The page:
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Market Inefficiency, Continued

April 09, 2012 | About:
The Science of Hitting

The Science of Hitting

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In my most recent article entitled “A Case Study in Market Inefficiency,” GuruFocus member McWillia added this comment (with emphasis added):

“EMT is logically impossible and practically incorrect. Share prices NEVER incorporate OR reflect all relevant information.

First, all information is never available to everyone. IBM has more information available about it than could be read in a single human lifetime. Hence by simple logic nobody is taking it all into account; every analyst is considering differing parts and with differing motives and differing degrees of effort. So nobody has the same information and nobody has all of it.

Second, much information about a company is false. In enough cases, staff deceives CEO's, CEO's spin data to auditors and analysts, who then deceive brokers, who in turn deceive investors, whose actions are further distorted by the press. The resulting available information set has almost no logical chance of being entirely correct, aside from the fact it is too voluminous to be read.

Third, nobody looks at the data exactly the same way. Once investors receive their part of incomplete and sketchy data set, they do not assign the same importance or weight to each element, again making the resulting investment decisions vary widely from actual value.

So basically, share prices incorporate various degrees of ignorance, deception, fad, laziness, selectivity of review and other imperfections, the result is that they NEVER reflect all relevant information. They are always 'off'. Classical scholars will recognize EMT as Parmenides' theorem in disguise...and it’s just as stupid as his was 2500 years ago.”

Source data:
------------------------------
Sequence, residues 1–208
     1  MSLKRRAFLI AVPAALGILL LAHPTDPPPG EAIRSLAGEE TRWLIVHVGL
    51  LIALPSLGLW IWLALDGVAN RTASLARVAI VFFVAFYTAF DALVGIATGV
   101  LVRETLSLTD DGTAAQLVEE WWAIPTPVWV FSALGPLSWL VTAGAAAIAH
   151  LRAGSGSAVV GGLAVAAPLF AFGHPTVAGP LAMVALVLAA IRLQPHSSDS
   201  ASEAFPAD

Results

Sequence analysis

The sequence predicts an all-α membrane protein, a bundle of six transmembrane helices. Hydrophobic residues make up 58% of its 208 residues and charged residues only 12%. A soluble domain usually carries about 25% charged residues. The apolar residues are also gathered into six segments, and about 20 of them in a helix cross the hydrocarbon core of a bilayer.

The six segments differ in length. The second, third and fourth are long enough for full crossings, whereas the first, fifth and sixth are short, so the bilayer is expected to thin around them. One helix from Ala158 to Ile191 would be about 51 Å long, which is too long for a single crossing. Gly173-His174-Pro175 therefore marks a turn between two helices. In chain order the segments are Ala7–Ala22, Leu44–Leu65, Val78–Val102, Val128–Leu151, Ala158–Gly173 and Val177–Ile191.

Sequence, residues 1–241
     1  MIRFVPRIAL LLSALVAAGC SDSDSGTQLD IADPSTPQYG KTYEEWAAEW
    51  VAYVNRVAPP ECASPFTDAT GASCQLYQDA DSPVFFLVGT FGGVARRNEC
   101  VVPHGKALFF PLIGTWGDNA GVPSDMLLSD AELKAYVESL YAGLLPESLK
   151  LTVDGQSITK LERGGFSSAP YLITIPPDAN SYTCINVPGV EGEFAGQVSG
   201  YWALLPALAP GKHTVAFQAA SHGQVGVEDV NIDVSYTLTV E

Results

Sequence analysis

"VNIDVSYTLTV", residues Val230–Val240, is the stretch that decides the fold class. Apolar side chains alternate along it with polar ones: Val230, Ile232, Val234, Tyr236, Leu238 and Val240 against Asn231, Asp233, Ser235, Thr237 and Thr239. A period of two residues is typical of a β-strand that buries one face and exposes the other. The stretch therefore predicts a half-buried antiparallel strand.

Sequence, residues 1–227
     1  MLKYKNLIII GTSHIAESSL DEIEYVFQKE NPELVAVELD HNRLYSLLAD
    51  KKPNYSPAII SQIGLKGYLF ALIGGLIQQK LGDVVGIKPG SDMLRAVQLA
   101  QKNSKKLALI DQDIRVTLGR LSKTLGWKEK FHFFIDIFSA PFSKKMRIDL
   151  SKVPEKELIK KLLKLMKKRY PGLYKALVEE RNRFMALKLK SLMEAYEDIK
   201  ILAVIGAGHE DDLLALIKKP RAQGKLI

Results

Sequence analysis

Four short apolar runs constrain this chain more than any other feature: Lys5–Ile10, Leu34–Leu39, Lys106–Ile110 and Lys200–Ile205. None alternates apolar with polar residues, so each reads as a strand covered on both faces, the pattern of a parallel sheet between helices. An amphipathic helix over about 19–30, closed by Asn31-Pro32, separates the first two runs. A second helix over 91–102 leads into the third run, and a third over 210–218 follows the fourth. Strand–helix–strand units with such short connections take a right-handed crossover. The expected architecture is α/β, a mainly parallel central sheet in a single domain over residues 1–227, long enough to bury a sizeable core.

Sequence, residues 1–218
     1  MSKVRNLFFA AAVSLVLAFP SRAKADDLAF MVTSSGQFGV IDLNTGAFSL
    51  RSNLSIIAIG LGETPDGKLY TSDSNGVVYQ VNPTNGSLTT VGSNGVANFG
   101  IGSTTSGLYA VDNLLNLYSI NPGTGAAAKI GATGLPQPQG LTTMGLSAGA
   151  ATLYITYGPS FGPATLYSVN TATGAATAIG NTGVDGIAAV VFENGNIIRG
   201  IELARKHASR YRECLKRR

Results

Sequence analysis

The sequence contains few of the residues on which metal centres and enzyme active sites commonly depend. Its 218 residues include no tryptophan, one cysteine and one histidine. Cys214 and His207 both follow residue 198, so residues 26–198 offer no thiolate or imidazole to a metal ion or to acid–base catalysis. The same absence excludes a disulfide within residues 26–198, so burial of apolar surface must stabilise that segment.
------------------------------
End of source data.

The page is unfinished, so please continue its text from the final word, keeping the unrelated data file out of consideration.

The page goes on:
McWillia’s first two points are spot-on, and obviously relevant in noting the incompatibility between theory and reality. But what I find even more instructive (laughable?) is that you can give those first two assumptions a pass – that ALL investors have ALL relevant information (obviously this idea is quite abstract, but the assumption would be that MORE information is a step in the direction of increased relevancy) – and you can STILL show that the idea of market efficiency does not hold:

In James Montier’s book “Value Investing” (as I’ve noted before, a truly fantastic collection of insights on investing), he discusses a study that examined the concept of information overload:

“Tsai, et al. (2008) show once again that, beyond a remarkably low level, more information translates into excessive confidence and static accuracy. They tested American football fans’ ability to predict the outcome and point spread in 15 NCAA games. The information (selected by surveying non-participating football fans) was presented in a random order over five rounds. Each round revealed six items of information (called cues)… A reward of $50 was promised to the participant with the best performance. In order to take part in the study, participants had to pass a test demonstrating that they were highly knowledgeable about college football.

With just the first set of information (six cues) the [computer] model was around 56% accurate. As information was gradually added, the predictive accuracy rose up to 71% by the time all available information was presented. So, from a statistical modeling point of view, more information was indeed better information. However, when dealing with humans rather than computers a very different result was uncovered.

Accuracy pretty much flatlines at around 62% regardless of the amount of information that was being provided. This performance is higher than the model on the earlier rounds, although not statistically so, but lower in the later rounds.”